Coluber triangulum Lacépede, 1788, America. Twenty-five subspecies are recognized, and it is likely that this species ultimately will be divided into several separate species.
OTHER COMMON NAMES
English: Scarlet kingsnake (for subspecies L. t. elapsoides); French: Couleuvre tachetée; Spanish: Culebra-real coralillo.
This snake varies greatly in size and appearance across its broad geographic range, as reflected in the large number of subspecies recognized. Adult length varies from about 20-60 in (50-152 cm), depending upon the population. The usual color pattern is one of alternating bands of red-black-yellow/white-black-red. However, some populations have red blotches rather than bands, and one subspecies is melanistic (virtually all black). The scales are smooth and shiny.
This species has a wide range, from southeastern Canada to western Ecuador and northern Venezuela.
Habitat varies across the wide range of this species. It generally occupies forested environments, but in some regions it can also be found in open prairies. In various parts of its range this species frequently occupies rocky slopes.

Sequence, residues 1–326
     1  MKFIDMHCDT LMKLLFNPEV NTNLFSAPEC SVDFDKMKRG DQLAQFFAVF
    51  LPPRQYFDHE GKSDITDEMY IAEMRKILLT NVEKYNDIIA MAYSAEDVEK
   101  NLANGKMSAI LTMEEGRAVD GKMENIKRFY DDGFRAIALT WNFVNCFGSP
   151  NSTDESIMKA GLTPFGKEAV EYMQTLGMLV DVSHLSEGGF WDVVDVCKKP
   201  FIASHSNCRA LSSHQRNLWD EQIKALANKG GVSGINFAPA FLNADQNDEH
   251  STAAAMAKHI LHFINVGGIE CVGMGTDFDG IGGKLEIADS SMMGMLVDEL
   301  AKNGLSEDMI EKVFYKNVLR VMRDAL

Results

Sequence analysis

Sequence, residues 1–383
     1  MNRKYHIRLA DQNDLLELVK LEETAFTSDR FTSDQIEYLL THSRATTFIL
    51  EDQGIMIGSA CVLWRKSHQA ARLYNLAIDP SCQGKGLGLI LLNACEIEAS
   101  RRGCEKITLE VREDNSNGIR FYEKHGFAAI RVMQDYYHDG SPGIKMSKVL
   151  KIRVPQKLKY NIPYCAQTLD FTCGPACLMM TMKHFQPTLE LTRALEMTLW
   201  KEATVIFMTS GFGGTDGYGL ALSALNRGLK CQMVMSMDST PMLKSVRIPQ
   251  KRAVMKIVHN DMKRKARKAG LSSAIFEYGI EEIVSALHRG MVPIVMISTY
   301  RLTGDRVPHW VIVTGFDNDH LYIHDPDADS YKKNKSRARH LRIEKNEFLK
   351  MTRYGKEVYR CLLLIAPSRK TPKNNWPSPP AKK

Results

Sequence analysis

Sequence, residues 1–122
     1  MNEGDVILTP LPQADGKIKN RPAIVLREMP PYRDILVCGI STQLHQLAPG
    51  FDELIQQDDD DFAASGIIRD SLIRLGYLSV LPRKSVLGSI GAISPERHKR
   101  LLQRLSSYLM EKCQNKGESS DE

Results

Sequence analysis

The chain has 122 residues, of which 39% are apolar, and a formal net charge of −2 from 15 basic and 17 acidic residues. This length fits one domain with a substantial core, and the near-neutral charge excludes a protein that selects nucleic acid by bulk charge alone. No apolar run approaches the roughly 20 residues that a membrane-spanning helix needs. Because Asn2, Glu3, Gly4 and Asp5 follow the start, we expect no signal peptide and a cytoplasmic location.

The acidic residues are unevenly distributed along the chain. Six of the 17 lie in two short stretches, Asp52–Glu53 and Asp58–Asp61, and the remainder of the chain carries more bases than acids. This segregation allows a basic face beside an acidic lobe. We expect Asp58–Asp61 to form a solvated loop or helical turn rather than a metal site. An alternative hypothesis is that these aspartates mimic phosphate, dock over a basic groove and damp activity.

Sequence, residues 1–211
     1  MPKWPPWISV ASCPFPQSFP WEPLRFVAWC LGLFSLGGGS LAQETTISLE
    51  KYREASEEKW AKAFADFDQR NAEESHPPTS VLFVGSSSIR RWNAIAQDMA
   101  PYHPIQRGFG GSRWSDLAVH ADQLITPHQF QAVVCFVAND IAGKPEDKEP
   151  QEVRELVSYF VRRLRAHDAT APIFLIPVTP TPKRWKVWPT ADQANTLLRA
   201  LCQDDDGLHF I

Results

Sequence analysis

The milksnake is essentially terrestrial (although L. t. elapsoides sometimes takes shelter beneath the bark of standing dead pine trees), and activity is largely nocturnal.
FEEDING ECOLOGY AND DIET
The diet varies by region but often includes lizards (especially skinks), snakes, and small mammals.
Milksnakes are oviparous, laying an average of about 10 eggs per clutch, although that number may vary geographically.
Not listed by the IUCN, although in some regions there may be substantial pressure from collection for the pet trade.
The common name of the species derives from an early myth that the species sucks milk from cows. That erroneous idea presumably derived from the discovery of milksnakes near barns, where they may have been feeding on mice. This species is highly valued in the pet trade, and many subspecies are now being bred in captivity for sale. ♦
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